National Velvet by Enid Bagnold (Dover, $8). This book, which inspired the 1944 film, suggested to me that a skinny girl and a big horse could do great things. I love that both Velvet Brown and her mother are great achievers (Velvet wins the Grand National, and Mrs. Brown swam the English Channel at a similar age).
The Women's Room by Marilyn French (Penguin, $16). I read this book in the early 1980s and remember at one point thinking, "I had better never read this book again or I'll never get married." Its feminist depiction of women's lives may seem a little obvious in today's political climate, but it was an eye-opener for a teenaged girl. (I did get married, by the way. He's very nice.)
Heartburn by Nora Ephron (Vintage, $14). Heartburn showed me that there is almost no experience you can have that's so awful that you will not be able to joke about it one day. Or even write about it. Ephron took the collapse of her marriage and turned it into a bittersweet roman à clef (which also happens to contain a fine recipe for Key lime pie).
Eyewitness to History edited by John Carey (William Morrow, $22). This fascinating book gathers 300 firsthand accounts of significant events throughout history, from Pliny the Younger's take on the eruption of Mount Vesuvius to an early breast-removal operation described by the patient herself. It made me want to be a reporter.
Behind the Scenes at the Museum by Kate Atkinson (Picador, $16). I had written three novels, all rejected, when I read Atkinson's 1995 debut. It was audacious and unexpected, and it had a voice all of its own. Inspired, I set about writing novel No. 4 — the book that finally won me a publishing deal.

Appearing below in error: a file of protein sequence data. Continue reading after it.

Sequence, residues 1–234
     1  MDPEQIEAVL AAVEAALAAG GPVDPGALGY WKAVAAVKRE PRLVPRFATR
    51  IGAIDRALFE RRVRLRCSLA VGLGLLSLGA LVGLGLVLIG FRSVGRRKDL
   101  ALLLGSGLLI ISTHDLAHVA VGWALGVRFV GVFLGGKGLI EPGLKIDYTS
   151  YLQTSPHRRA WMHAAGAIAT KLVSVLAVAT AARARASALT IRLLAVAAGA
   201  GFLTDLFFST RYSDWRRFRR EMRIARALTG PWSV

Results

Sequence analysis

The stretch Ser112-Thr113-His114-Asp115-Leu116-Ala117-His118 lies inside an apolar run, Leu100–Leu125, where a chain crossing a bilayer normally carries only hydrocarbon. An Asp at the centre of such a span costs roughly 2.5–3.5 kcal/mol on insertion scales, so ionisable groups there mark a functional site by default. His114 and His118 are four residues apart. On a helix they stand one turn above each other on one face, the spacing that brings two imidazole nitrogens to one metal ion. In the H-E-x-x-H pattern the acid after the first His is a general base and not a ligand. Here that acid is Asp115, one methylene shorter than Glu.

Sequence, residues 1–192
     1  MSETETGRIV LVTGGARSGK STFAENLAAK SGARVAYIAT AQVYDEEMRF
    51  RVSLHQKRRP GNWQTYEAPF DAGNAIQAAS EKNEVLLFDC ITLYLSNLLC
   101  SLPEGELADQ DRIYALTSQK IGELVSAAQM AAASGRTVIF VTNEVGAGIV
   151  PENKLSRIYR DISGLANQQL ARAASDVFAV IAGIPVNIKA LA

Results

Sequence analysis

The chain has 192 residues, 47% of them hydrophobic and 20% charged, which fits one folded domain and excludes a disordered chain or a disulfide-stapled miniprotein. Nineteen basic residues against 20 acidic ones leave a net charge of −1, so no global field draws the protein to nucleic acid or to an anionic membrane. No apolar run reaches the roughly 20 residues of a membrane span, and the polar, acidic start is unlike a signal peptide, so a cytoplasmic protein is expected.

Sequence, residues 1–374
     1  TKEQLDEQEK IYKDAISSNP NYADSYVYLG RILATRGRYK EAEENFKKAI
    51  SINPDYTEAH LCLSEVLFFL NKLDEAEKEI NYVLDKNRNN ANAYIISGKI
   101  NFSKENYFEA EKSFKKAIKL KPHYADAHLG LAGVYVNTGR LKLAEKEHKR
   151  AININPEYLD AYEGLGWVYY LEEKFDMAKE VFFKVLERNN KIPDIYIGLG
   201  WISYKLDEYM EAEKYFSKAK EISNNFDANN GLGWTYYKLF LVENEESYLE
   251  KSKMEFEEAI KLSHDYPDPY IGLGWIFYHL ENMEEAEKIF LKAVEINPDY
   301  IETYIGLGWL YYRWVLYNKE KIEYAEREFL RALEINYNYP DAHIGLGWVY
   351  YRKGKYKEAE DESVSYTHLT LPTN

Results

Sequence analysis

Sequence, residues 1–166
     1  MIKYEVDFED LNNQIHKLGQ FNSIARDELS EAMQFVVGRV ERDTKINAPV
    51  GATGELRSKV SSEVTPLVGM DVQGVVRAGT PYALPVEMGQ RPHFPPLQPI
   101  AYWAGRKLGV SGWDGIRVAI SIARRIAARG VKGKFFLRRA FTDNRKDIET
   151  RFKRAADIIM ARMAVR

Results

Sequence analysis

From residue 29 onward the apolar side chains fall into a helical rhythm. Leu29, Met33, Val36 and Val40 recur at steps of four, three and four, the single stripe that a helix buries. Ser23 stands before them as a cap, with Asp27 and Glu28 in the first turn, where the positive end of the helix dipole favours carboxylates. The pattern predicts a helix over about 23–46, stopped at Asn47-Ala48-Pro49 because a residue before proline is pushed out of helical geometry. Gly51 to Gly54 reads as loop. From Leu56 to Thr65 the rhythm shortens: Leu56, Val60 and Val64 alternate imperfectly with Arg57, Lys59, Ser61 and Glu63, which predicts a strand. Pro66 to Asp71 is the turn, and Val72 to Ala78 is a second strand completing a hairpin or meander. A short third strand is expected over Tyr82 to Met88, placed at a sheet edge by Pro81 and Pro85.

Memoirs of a Geisha by Arthur Golden (Vintage, $16). A book I thought I wasn't going to enjoy about a subject I wasn't interested in. This novel showed me the value of research, of taking a reader somewhere new. If the characters are compelling, readers will follow anywhere.
— Jojo Moyes is the author of 11 novels, including the 2012 best-seller Me Before You. Her latest, The Girl You Left Behind, interweaves two love stories separated by a century but linked by a painting that disappeared during World War I.
THE WEEK'S AUDIOPHILE PODCASTS: LISTEN SMARTER
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- How Israel's hawks intimidated and silenced the last remnants of the anti-war left
- Why China thinks it could defeat the U.S. in battle
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- Why your employer should clean your house and do your laundry
- The real lesson of Rick Perry's mug shot
- The big policy question libertarians can't answer
- Welcome to the age of ambivalent feminism
- What you need to know before you support the police in Ferguson
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